Emergency preparedness plans are spelled out in detail in our Policies and Guidelines Manual. In short, before a hurricane, imminent flood, or winter storm warning the facility is secured and the horses are free to roam and protect themselves. They have access to the stalls should they so desire. Appropriate amounts of feed and hay are placed where they should remain dry. The facility is then locked and key people are set to return as soon as possible. Plans address serious injury to the animals and to the facility as well. Wild/forest fire is our real concern. Spontaneous combustion of hay is addressed and minimized as our hay is stored in an overseas cargo container with turbine ventilation. Dangers from wildlife, free ranging dogs, and 2 legged marauders are also addressed.
18. Please describe the security in place at the facility or facilities to restrict public access and to keep horses safe. Do you have a security system and/or on-premises caretaker?
Our gates are locked. Private Property, no trespassing signs are in place. We do have a security system.
19. Provide the contact information for the individual or organization responsible for investigating
abuse in the county where the facility is located, including mailing address, email address, and phone information.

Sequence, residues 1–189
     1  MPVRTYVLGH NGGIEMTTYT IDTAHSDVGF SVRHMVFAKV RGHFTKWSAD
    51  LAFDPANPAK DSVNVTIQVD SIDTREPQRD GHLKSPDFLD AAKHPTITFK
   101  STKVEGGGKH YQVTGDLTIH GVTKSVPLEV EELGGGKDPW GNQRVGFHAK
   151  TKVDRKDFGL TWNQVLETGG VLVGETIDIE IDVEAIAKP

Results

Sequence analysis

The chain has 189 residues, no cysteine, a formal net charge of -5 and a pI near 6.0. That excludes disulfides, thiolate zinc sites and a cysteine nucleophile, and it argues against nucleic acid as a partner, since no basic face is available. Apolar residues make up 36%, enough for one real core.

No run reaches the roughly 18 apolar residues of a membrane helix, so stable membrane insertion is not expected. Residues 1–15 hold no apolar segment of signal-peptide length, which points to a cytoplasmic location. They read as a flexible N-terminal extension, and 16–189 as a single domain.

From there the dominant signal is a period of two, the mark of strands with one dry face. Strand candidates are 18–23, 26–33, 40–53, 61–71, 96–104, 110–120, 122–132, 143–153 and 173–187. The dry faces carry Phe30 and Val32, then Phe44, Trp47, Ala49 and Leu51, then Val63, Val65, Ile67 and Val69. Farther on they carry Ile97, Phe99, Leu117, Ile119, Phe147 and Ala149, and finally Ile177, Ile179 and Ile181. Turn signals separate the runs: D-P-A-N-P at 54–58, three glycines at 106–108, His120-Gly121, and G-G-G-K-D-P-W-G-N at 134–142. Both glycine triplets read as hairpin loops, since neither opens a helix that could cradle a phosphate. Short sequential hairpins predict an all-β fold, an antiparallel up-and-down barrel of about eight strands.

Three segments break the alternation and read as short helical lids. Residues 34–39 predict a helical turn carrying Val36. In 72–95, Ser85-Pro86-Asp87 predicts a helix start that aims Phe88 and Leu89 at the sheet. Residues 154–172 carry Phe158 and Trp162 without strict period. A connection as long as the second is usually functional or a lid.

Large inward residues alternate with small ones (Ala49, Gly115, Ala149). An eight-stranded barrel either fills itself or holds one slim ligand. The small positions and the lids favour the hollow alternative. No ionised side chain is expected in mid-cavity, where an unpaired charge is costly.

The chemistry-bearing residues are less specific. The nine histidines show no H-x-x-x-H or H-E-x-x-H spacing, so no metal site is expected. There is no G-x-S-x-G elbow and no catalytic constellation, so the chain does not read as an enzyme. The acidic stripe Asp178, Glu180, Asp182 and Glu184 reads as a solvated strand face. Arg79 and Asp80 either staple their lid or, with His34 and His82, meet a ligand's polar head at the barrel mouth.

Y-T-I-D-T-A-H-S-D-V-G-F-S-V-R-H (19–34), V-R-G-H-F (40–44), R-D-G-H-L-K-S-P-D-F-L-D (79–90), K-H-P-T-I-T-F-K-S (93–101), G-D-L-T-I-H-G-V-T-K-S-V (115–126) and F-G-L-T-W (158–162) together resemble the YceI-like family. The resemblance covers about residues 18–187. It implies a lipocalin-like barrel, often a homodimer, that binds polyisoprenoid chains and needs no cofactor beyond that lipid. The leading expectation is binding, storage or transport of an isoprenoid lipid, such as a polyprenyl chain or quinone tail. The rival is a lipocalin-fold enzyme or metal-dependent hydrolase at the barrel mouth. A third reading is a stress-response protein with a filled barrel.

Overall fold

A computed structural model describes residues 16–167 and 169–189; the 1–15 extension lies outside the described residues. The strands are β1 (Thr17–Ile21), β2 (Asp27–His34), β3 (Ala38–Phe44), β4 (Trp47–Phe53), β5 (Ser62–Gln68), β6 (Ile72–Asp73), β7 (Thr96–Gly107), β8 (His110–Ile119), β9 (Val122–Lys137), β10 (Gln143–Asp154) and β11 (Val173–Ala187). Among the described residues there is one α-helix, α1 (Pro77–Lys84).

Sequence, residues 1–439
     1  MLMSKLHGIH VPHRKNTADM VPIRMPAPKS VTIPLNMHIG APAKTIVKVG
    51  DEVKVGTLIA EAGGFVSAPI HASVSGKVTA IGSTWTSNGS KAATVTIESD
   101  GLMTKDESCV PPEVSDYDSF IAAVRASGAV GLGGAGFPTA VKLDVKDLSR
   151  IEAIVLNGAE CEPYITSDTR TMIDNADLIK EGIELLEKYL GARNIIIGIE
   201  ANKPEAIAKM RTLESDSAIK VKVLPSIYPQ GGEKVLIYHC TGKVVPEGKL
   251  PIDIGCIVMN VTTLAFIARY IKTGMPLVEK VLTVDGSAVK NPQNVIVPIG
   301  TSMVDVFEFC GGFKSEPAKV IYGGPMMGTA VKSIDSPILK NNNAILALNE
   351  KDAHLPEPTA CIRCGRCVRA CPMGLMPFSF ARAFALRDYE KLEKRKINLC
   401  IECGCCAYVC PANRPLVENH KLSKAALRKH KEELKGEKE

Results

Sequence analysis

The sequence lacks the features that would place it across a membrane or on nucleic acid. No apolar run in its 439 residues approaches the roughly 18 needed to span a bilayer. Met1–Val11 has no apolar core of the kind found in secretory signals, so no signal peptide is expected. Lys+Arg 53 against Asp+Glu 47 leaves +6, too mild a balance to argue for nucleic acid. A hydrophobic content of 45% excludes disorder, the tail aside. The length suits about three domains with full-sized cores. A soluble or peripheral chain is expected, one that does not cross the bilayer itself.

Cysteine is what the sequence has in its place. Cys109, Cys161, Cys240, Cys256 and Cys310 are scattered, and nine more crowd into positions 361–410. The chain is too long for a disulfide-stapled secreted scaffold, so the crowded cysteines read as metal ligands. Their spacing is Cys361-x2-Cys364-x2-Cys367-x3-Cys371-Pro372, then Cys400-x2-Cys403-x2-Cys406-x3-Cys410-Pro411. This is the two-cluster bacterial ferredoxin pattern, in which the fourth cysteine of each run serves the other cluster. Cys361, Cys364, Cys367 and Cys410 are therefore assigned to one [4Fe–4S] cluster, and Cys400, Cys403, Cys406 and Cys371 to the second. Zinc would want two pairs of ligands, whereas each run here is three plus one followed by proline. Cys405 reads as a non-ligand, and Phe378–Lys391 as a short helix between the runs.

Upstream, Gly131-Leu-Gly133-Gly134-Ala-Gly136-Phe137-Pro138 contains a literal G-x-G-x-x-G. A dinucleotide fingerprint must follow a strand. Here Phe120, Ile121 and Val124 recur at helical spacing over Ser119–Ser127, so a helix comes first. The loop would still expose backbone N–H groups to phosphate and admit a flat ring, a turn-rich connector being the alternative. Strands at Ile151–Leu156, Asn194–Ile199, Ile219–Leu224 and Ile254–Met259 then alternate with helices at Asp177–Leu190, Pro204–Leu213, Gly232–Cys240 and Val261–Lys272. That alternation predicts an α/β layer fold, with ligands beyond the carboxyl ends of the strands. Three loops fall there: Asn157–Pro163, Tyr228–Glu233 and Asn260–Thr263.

Houston SPCA, 900 Portway Dr, Houston, TX 77024 firstname.lastname@example.org 713-869-7722 and Harris County Animal Control, 612 Canino Rd, Houston, TX 77076 email@example.com 281-999-3191
20. Other than the animal control authority noted above, provide the contact information for all local, state and/or national authorities with whom your organization engages to address issues impacting horse welfare, including mailing address, email address, and phone information.
Houston Police Department,1200 Travis Street, Houston, TX 77002 firstname.lastname@example.org 911 Harris County Sheriff's Office, 1200 Baker Street, Houston, TX 77002, email@example.com 713-221-6000 Harris County Precinct 4 Constables, 7900 Will Clayton Pkwy, Humble, TX 77338 281-446-1196 Certified Horsemanship Association,1759 Alysheba Way Suite 7102, Lexington, KY 40509 info@CHA-ahse.org 859-259-3399 AQHA, P.O.Box 200, Amarillo, TX 79168 www.aqha.com 806-376-79104
View The Vet Checklist conducted on 04/11/2018
Veterinarian: Dori Hertel
Clinic Name: DJ VEts Street: 1600 Palmetto Ln City: Kingwood State: TX Zip: 77339
Phone: 832-264-0707 Email: firstname.lastname@example.org